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Ferguson and Polypipe banking on stimulus measures

Both groups are well set from any increase in central government infrastructure spending
Ferguson and Polypipe banking on stimulus measures


  • Sales supported by a relatively robust residential market in the US
  • Prospects linked to continued UK government support for the housing market

With balance sheets repaired, Polypipe (PLP) and Ferguson (FERG) aim to cash in on infrastructure spending both here and in the US.

There was a genuine sense of positive anticipation in the results for both US-focused plumbing supply company Ferguson, formerly Wolseley, and its industrial counterpart Polypipe, the latter of which will change its name to Genuit Group from April. The reason for the outbreak of optimism is that both companies have largely completed a process of restructuring and balance sheet repair and aim to benefit from the splurge on infrastructure spending that governments on both sides of the Atlantic have promised, though each has a slightly different emphasis.

The disposal of the Wolseley’s UK business for $442m (£320m) will fund a special dividend, and there is a share buyback program of $400m planned over the next 12 months. It also leaves Ferguson as a large North America-focused company supplying plumbing equipment to contractors in both the residential and industrial markets. Arguably, this leaves it better placed to benefit from the Biden administration’s proposed infrastructure spending plans. The details are sketchy but an infrastructure plan of up to £2 trillion – funded by potential tax increases on corporations – is proposed to update America’s clapped-out infrastructure which, given the Democrats’ control of Capitol Hill, should pass with a bit of horse trading. 

Ferguson’s operational results largely floated on the back of a relatively robust residential market in the US. Revenues here grew by high single figures, and now account for 56 per cent of the US top-line. This offset the relative decline in civil and commercial demand, with delays in construction site completions largely to blame. Analysts anticipate full-year EPS of 404.8ȼ a share, flat on last year.

Polypipe finds itself in a similar situation to Ferguson in that, emerging from a period of consolidation and a balance sheet repair – gearing is now down to barely 5 per cent and the dividend has now been reinstated - it now must decide where the opportunities lie in the UK market.

The results showed that management’s approach to the problem rests on two key assumptions.

Firstly, the UK government will continue to support the housing market in some form, whether through Help-to-Buy or via continued extensions to the stamp duty holiday. This is important for Polypipe as it derives the greater part of its business from the early stages of construction – which is partly why profits suffered adversely from a 32.4 per cent fall in new housing starts last year. That saw underlying EPS more than halve to 13.3p, with a recovery to 25.8p expected this year.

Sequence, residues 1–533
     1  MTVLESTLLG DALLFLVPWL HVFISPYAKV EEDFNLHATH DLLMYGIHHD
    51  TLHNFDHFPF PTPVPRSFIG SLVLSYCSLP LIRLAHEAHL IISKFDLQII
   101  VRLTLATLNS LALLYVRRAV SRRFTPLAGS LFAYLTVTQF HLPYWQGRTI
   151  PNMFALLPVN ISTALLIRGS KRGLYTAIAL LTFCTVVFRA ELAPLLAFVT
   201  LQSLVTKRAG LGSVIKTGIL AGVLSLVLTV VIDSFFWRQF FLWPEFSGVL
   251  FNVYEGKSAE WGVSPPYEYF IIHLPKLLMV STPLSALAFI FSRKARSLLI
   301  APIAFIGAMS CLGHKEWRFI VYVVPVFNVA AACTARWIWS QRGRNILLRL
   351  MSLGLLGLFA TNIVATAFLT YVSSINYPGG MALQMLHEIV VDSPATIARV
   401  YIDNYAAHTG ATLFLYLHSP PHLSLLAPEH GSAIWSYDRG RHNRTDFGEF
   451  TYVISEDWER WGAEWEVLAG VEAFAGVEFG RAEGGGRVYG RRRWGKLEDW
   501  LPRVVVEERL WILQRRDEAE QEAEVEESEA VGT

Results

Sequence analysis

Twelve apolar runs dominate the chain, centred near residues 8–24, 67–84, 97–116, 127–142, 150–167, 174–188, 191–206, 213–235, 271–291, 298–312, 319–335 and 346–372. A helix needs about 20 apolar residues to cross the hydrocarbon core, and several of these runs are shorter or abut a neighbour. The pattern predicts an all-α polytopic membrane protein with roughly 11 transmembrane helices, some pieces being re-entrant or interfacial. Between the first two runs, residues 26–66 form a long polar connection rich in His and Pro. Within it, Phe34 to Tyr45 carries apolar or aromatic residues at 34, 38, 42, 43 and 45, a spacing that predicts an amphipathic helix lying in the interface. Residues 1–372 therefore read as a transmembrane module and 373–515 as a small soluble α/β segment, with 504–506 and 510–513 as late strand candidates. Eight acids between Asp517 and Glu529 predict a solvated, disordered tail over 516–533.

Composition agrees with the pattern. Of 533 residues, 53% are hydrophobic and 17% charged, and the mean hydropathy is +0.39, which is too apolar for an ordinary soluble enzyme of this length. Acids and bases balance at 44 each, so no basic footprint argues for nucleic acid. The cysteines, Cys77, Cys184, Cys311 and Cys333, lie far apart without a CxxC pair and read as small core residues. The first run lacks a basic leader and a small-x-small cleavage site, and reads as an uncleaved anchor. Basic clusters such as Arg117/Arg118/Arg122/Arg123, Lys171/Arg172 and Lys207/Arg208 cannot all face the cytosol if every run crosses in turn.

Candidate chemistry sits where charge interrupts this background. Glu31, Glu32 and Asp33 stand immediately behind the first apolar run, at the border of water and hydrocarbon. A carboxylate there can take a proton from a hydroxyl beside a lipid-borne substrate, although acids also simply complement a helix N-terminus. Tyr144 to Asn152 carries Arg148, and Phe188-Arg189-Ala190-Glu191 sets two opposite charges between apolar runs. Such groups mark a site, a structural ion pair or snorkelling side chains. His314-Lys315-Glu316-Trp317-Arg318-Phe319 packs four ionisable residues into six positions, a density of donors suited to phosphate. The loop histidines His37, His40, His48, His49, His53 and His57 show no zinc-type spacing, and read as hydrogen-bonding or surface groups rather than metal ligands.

Secondly, diversification into areas that can attract “green funding” in the UK that will grow quickly because of legislative demands for more efficient energy use in homes and business. Polypipe’s acquisition of Gloucester-based company Adey for £210m in February underlines the approach. Adey produces heat-saving products for construction customers. It also acquired underfloor heating company Nu-Heat for £27m, following up on the trend away from more energy intensive radiator systems. Polypipe is also keeping in step with the Zeitgeist by offering a product that circulates cool filtered air around classrooms. Other areas to note are increasing exports of water management products to areas with natural shortages of clean drinking water – with Polypipe seeing 30 per cent revenue growth in this specialist segment.

The market has not been slow in reappraising the prospects for both Polypipe and Ferguson. The share prices of both companies have recovered well over the past couple of months, as prospects mount for a return to “business as normal” this year.

There are cyclical factors that should help both companies maintain and expand their margins, though there are also risk that beyond their control. Will Congress approve a huge spending bill? Are the British government’s announcements on infrastructure spending merely the latest in a long line of press releases and subsequent inaction on the topic? There is no definitive answer, but the measures that the companies have taken to shore up their finances have a definite appeal for the year ahead. We retain our hold recommendations for both stocks. Hold.   

Last IC View: Hold, 7,858p, 29 Sep 2020

TOUCH:9,104-9,108p12-MONTH HIGH:9,516pLOW: 3,700p
Half-year to 31 JanTurnover ($bn)Pre-tax profit ($m)Earnings per share (ȼ)Dividend per share (ȼ)
2020 (rebased)9.8962820367.5
% change+4+18+33+8
Ex-div:25 Mar   
Payment:11 May   
£1=$1.38 *Includes intangible assets of $2.2bn, or 1,012ȼ a share. Following the Wolseley UK disposal, a special dividend of 180ȼ per share will be paid in May 2021 (same ex-date applies). The final dividend of 208.2ȼ per share included the 67.5ȼ deferred interim payment. 

Last IC view: Hold, 428p 15 Sep 2020

TOUCH:577-579p12-MONTH HIGH:613pLOW: 372p
Year to 31 DecTurnover (£bn)Pre-tax profit (£m)Earnings per share (p)Dividend per share (p)
% change-11-60-65+20
Ex-div:22 Apr   
Payment:26 May   
* Includes intangible assets of £394m, or 159p a share.